Alix Rule Makes Waves with ‘Design Probably Can’t Really Change Anything Dramatically’ Essay


Could that be the first crack in the “design will save us all” mantra of the past year? Probably not, but if so, we want to be able to say we, sadly, called it first. We’re talking about an interesting essay, “The Revolution Will Not Be Designed,” by Alix Rule in In These Times magazine. In it, Rule says that while thinking design, in whatever form you decide to define it, is going to be the thing that makes the world a much better place, solving all those rotten social ills, is a nice ambition, it’s also naive and flawed from the start.

“Design thinking” describes a moment in the pursuit of social good that hardly ever arrives: when all the hearts are in the right place, all opinions have been brought into line and all that needs to happen is the change itself. If the model has intellectual benefits, it’s doubtful they outweigh the deficiencies of ignoring the long process by which consensus is built-a.k.a. politics.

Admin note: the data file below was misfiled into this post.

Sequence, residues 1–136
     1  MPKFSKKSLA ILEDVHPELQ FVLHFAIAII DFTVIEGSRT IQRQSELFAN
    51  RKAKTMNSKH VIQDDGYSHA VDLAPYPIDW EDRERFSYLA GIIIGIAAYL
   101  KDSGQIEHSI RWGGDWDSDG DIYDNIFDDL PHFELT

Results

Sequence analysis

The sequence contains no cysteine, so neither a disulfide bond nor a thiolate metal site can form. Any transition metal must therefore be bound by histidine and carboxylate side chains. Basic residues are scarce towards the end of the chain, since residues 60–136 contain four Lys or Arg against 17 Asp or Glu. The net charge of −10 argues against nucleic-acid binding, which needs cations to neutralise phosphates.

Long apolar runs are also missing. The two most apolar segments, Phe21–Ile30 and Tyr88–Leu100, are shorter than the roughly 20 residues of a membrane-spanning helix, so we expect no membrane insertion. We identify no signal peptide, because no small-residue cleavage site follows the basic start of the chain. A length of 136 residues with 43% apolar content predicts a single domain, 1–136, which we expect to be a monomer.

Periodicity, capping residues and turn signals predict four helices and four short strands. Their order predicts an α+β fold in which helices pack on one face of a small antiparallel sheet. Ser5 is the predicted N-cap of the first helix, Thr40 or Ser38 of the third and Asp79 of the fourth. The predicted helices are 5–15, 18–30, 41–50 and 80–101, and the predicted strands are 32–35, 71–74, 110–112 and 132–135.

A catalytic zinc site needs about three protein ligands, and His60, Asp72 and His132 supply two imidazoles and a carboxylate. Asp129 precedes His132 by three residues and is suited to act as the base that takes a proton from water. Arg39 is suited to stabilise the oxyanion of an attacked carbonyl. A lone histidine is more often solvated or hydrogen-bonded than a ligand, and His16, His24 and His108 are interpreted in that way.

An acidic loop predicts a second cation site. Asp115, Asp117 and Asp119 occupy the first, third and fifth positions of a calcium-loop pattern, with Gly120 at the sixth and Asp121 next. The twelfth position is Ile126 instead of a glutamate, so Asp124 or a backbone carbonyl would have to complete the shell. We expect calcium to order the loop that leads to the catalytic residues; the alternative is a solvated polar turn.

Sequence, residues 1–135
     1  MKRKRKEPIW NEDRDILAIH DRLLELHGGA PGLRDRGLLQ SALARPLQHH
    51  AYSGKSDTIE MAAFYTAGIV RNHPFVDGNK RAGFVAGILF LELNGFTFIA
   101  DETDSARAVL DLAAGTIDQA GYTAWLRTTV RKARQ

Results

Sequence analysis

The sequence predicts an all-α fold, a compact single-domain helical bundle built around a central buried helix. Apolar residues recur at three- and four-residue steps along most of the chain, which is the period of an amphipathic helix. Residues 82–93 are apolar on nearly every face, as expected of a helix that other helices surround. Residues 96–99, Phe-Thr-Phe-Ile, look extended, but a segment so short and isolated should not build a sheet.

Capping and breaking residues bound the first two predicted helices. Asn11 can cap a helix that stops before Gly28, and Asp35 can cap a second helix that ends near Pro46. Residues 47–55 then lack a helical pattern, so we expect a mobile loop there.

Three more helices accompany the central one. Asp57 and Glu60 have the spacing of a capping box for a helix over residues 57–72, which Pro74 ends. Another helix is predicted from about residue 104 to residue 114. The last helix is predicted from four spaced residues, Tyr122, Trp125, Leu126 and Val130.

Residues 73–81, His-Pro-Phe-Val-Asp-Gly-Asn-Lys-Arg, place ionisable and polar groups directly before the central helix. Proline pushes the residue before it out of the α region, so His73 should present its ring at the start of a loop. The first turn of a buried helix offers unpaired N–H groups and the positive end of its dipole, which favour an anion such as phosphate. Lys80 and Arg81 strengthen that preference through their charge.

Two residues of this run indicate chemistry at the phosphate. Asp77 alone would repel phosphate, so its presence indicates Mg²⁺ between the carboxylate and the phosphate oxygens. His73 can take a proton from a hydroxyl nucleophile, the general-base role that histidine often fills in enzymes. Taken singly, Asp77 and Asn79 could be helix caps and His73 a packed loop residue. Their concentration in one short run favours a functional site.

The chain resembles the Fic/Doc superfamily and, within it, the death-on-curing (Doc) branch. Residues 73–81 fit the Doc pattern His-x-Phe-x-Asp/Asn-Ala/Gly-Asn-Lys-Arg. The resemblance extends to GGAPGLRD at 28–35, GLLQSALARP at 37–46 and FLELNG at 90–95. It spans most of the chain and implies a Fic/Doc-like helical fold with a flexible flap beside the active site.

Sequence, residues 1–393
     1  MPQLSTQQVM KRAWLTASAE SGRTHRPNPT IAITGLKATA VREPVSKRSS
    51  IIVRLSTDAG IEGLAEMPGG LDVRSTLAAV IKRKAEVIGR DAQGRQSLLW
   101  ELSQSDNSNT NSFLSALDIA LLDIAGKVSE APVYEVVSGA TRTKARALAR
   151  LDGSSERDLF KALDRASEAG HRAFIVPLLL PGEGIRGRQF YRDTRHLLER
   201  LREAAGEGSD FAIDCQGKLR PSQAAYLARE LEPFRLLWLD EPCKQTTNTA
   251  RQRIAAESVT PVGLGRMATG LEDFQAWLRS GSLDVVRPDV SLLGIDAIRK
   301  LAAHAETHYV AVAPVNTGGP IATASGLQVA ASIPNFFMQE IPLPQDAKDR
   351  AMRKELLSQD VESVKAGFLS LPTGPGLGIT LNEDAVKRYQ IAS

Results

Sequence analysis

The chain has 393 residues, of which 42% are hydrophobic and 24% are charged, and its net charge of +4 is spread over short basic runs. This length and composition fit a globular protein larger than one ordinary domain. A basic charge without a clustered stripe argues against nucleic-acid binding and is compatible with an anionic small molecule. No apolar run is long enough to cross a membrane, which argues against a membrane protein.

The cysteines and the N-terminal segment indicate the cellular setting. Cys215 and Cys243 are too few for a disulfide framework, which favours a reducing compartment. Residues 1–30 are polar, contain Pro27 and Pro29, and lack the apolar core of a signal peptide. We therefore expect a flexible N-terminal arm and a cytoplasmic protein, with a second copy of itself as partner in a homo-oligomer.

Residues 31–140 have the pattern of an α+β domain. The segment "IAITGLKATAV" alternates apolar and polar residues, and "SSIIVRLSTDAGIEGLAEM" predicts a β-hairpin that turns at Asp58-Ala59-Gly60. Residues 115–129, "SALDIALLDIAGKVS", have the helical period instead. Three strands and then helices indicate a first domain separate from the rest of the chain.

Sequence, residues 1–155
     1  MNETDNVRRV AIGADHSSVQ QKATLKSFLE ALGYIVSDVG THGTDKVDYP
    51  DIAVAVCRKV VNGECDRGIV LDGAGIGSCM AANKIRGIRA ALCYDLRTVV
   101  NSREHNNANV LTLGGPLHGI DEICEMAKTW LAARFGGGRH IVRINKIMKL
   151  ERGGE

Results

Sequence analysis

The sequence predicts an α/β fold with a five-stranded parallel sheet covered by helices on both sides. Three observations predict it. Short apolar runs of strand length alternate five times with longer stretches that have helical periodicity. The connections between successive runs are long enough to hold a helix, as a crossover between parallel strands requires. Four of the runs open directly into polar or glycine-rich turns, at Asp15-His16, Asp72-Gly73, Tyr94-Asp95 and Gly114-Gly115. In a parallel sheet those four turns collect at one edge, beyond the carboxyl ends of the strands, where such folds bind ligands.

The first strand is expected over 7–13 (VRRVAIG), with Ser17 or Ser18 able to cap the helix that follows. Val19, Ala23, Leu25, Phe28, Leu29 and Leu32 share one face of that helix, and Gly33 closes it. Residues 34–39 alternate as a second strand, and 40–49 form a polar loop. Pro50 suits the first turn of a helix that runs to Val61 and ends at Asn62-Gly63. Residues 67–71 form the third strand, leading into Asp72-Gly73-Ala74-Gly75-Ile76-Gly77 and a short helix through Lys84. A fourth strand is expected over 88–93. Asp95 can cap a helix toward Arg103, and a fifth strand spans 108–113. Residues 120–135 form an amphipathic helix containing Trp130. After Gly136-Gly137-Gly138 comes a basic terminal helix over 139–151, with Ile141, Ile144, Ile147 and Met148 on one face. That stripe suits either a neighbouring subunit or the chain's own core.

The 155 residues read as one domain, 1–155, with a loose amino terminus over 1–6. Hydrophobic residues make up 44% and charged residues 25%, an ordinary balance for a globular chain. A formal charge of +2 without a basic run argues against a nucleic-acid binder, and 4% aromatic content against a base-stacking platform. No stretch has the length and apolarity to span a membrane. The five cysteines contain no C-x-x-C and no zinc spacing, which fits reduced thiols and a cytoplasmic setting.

This generation’s design movement is built less on a coherent set of ideas than a simple, can-do attitude. As BusinessWeek‘s [Bruce Nussbaum] puts it: “The natural optimism of a design approach is refreshing and relevant when tackling global social problems as well as business [ones].”

She makes some really interesting points from there, and ones that are likely to ruffle a lot of feathers. But it might also inject some realism into all the optimism, which people like Cnet‘s Tim Leberecht seem to semi-agree with in his response to Rule’s essay. It’ll be interesting to see if this whole thing spreads a bit and gets people talking. We’re hoping so.